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Source: Child Poverty Action Group (CPAG)

Two years since government-appointed experts recommended a complete overhaul of our welfare system, children, families, those with disabilities and people not in paid work are still waiting on a plan from the Government. 

In November 2020, CPAG released a stocktake charting implementation of WEAG recommendations, the results of which showed no key recommendations had been fully implemented. Since the stocktake, only one key recommendation moved from “minimal” to “partial” implementation. Of the 42 key recommendations, 8 have been partially implemented, 11 minimally implemented and there is no evidence of the remaining 23 recommendations being implemented.

Spot the difference: WEAG implementation progress since CPAG’s stocktake in November 2021

At the launch of the WEAG report, Whakamana Tangata, in May 2019, former Children’s Commissioner Professor Dame Cindy Kiro, WEAG chair said “We can’t just tinker with the so-called social welfare system… it’s just not going to cut the mustard.” CPAG agrees.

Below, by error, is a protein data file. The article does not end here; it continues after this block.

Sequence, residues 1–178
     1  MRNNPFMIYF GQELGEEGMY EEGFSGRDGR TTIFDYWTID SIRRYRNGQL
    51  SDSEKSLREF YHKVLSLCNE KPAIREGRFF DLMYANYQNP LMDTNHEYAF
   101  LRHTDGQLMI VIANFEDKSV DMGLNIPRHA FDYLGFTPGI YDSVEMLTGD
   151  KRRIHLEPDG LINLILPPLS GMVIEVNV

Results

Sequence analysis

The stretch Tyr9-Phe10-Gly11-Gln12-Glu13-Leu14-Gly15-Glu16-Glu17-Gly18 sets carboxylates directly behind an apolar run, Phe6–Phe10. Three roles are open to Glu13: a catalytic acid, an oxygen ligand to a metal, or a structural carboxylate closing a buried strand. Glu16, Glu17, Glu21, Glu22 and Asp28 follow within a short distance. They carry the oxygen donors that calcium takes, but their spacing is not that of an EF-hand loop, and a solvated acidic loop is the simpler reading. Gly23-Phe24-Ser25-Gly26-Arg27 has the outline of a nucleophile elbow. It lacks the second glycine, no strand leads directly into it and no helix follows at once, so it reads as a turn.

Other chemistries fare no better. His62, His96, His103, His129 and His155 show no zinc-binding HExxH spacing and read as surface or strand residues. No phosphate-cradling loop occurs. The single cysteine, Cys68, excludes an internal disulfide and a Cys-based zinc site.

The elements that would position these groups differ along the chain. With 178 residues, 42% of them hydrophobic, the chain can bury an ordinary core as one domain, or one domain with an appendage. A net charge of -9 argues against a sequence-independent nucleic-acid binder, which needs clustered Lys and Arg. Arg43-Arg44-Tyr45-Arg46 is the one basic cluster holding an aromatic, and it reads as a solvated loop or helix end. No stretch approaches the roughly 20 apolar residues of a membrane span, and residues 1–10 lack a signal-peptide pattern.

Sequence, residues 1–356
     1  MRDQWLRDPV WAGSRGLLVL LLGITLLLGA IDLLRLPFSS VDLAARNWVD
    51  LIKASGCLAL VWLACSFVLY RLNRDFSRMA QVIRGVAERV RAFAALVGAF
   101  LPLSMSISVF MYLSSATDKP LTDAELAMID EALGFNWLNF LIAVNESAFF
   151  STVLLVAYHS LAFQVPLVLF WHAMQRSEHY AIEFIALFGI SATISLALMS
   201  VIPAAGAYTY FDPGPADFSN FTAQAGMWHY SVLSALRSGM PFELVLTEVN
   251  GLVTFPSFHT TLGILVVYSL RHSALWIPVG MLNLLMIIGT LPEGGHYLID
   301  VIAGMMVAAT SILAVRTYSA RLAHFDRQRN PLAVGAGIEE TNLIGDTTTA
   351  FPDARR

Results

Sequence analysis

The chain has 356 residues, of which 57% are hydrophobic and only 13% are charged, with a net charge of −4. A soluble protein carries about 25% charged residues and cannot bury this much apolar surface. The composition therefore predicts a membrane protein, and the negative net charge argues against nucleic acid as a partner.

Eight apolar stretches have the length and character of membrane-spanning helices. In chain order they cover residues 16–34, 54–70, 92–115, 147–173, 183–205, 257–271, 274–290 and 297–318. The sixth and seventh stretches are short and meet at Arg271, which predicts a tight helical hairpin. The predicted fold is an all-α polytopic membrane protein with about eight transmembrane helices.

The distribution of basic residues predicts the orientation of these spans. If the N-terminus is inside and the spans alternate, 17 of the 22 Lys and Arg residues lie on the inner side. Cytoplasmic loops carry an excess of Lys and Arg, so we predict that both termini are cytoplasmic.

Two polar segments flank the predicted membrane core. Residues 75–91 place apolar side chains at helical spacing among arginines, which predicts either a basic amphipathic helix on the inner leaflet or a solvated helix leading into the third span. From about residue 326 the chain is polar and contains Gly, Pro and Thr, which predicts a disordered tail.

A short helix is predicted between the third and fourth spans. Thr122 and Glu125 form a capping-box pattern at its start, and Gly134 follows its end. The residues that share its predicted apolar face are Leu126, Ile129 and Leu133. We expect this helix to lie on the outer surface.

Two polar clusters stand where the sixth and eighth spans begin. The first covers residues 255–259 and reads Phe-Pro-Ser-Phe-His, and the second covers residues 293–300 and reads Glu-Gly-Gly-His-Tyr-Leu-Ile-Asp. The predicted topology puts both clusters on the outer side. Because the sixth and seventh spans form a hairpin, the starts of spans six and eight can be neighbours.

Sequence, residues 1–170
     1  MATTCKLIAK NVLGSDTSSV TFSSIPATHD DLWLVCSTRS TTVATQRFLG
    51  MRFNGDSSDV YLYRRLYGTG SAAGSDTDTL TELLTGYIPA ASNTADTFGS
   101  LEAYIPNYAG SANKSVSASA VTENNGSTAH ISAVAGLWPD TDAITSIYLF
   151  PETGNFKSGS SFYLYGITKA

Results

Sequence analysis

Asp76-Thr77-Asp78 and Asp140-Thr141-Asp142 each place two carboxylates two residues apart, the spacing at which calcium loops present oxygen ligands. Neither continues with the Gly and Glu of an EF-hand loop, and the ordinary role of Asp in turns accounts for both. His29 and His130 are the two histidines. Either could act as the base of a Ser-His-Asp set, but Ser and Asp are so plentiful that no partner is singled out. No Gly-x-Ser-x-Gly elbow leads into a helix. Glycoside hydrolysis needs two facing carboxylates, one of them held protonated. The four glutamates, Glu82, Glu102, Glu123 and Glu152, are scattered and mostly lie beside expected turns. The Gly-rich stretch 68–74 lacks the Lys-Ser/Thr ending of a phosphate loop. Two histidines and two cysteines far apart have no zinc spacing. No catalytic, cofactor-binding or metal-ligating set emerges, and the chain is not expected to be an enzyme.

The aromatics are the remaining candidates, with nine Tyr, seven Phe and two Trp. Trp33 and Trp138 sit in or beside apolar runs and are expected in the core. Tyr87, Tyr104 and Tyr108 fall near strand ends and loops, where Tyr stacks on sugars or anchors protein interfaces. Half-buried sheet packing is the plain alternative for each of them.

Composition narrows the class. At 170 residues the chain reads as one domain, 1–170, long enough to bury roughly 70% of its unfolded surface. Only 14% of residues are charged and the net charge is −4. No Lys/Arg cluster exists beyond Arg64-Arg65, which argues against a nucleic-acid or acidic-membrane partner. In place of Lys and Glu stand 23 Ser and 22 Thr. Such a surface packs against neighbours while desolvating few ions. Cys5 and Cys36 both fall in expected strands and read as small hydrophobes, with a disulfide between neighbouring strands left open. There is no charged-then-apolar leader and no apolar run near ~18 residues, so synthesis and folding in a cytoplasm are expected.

“The government says it wants welfare reform to enable people to live in dignity with adequate incomes, and it asked WEAG for a plan to achieve this,” says stocktake co-author Professor Innes Asher who served on WEAG. “But so far the government has delivered remarkably little of that plan.”

“Fixing welfare is long overdue, and the government has now been sitting on the blueprint for essential work for nearly two years. We need to turn the vision into reality with urgency.”

Read CPAG’s Nov 2020 stocktake in full

Progress since stocktake release: April 2021 changes
WEAG Key Recommendation 20* has changed from Minimally implemented to Partially implemented when abatement thresholds for benefits were lifted on April 1, 2021. This means 8 Key Recommendations have been partially implemented (rather than current 7) and 11 minimally implemented (rather than current 12) (still 23 not implemented). There will be no changes to Detailed Recs as a result of this abatement change.

*Recommendation 20: “Reform main benefits by:
increasing main benefits by between 12% and 47% as set out in table 2, page 99
increasing the abatement thresholds for:
– Jobseeker Support to $150 a week
– Sole Parent Support and Supported Living Payment to $150 a week and $250 a week.”

Future progress announced: November 2021
WEAG Key Recommendation 11 called for the abolishment of eight obligations and sanction. The Nov 2020 stocktake gave the Minimal Implementation with just one of the sanctions removed, (Section 192, sanctions for not naming the other parent) with the Government announcing the Subsequent Child Work Obligation will be abolished November 2021. Notwithstanding these changes, the assesment of Minimal Implementation remains, with 6 of the 8 sanctions and obligations still not implemented.